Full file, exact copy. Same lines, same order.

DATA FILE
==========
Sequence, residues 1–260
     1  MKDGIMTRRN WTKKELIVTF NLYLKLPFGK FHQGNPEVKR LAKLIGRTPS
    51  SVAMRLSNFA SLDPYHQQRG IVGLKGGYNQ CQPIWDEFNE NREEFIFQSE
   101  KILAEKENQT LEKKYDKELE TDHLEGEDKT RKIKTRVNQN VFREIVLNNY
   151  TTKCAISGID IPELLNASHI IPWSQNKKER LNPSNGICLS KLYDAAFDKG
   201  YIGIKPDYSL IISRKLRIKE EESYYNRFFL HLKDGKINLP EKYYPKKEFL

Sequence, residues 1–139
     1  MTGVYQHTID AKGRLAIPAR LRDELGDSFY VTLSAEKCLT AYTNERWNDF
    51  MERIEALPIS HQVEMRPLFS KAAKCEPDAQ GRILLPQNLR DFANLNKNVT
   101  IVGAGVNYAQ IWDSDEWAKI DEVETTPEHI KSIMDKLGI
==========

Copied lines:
Sequence, residues 1–260
     1  MKDGIMTRRN WTKKELIVTF NLYLKLPFGK FHQGNPEVKR LAKLIGRTPS
    51  SVAMRLSNFA SLDPYHQQRG IVGLKGGYNQ CQPIWDEFNE NREEFIFQSE
   101  KILAEKENQT LEKKYDKELE TDHLEGEDKT RKIKTRVNQN VFREIVLNNY
   151  TTKCAISGID IPELLNASHI IPWSQNKKER LNPSNGICLS KLYDAAFDKG
   201  YIGIKPDYSL IISRKLRIKE EESYYNRFFL HLKDGKINLP EKYYPKKEFL

Sequence, residues 1–139
     1  MTGVYQHTID AKGRLAIPAR LRDELGDSFY VTLSAEKCLT AYTNERWNDF
    51  MERIEALPIS HQVEMRPLFS KAAKCEPDAQ GRILLPQNLR DFANLNKNVT
   101  IVGAGVNYAQ IWDSDEWAKI DEVETTPEHI KSIMDKLGI